If all else fails – you can try my mantra, “oh crap, this hurts, keep going, don’t stop…”

Thursday, August 5, 2010

Canadian Words Revisited

Four months back I wrote an article titled New Looks. The underlying theme of the article was focused around the idea that every small action counts when it comes to going green. At the post’s core was an interesting story about my misuse of the word “author”, which I was spelling “authour.” I had thought the word was spelt with an “our” like many other Canadian words (favour, behaviour, endeavour) and it wasn’t until my Literacy Professor pointed out my misuse of the word before I realized the error.

Recently, my post was referenced by Tyson Seburn at in his blog post We’re Word Snobs, but Maybe we Shouldn’t Be. Seburn’s post provides a brief and colourful critique of the many situations where we choose between a Canadian or foreign spelling.

The whole post summoned flashbacks of my Fourth-Year Canadian History classroom and stories of Guglielmo Marconi the inventor of the Radio. In the early 1900’s there weren’t too many Canadian Radio Stations. They would often only function a few hours out of the day at specific times. During the rest of the day the channels were often silent or off-air. In the 1920’s we began to see a change – Canadian's who were close to the American boarder began to pick up radio signals from our Southern Neighbours. This was the beginning of the Identity vs. Pop Culture debate in Canada. Canadians needed to figure out a way to keep the airwaves playing Canadian content so that citizens had something to remind them of their heritage. They feared that American popular music would “dumb us down.”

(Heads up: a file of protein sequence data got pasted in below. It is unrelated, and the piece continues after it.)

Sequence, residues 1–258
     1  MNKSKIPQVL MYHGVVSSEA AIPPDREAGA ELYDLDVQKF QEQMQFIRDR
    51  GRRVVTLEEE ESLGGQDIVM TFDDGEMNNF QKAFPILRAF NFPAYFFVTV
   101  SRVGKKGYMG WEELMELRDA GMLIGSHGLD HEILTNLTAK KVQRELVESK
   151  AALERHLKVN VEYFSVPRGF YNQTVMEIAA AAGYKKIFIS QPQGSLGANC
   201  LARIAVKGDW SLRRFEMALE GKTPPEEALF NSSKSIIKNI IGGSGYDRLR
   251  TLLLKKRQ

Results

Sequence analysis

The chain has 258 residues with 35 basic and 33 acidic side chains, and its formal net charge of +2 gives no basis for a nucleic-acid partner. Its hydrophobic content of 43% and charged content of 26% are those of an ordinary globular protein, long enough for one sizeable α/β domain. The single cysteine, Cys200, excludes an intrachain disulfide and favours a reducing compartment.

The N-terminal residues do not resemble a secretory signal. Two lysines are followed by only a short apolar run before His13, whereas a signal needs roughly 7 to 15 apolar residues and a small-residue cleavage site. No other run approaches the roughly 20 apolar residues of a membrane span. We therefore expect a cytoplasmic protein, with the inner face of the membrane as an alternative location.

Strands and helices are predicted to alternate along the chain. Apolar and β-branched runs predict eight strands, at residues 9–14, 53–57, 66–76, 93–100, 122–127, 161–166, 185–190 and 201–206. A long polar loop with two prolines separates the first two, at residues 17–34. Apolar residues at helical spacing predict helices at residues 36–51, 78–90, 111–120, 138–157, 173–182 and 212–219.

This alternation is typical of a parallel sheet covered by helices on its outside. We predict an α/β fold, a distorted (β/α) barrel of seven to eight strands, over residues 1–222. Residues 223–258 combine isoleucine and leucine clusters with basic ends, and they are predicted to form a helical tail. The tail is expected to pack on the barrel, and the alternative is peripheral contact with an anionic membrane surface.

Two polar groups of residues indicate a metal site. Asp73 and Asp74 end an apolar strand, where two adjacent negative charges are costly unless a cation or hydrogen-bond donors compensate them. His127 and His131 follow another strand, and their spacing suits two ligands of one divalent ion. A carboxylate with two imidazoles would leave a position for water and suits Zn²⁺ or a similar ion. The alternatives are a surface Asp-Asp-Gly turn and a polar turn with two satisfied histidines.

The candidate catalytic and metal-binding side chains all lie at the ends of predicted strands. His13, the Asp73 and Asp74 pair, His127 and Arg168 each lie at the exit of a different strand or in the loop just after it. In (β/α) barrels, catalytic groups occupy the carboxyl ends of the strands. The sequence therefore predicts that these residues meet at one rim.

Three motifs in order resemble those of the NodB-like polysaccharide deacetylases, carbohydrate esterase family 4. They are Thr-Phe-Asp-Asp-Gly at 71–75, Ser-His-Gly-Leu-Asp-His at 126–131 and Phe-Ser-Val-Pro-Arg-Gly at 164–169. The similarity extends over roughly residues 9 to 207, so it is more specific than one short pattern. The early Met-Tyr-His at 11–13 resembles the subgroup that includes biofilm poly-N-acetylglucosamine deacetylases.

Almost 100 years later and the debate still continues. Today the CRTC (Canadian Radio & Television Telecommunications Commission) is still placing regulations on Canadian Broadcasters in an attempt to protect Canadian culture and content.

We can go on talking about how we use Radio and Television to protect/promote our Canadian Identity and if it is really worth protecting. Better yet, we could sit and talk about - what is Canadian Identity? But, we'll save that topic for another day.

After reading Tyson’s article I was asked to take part in a survey related to the What’s the Word: Research Project. During the process I was asked to choose between a series of words and select the one I thought was appropriate. (For Example, Sean asks his friend to do him a ____________. favour or favor).

The whole survey brought me back to the thought about American Culture taking over our lives. At the root of all communication is speech and that can be perceived in any given manner, but our written words can truly define us. Maybe there is something distinctly Canadian after all…

If you would like to take part in the research project you can follow the link here. It takes about five minutes to complete and every entrant is appreciated. If there is really a need to protect our Canadian Identity – why not start with our written word?

Should or shouldn't we be word snobs?

Wednesday, August 4, 2010

A Story of Engagement

Every once and a while you ask yourself the questions: should I? Or shouldn’t I?

In this story it begins with a keyword search on twitter. A twenty-four year old Media Studies & Public Relations Graduate was fiddling around on Twitter when he searched the term “media” only to come across @BrianSolis.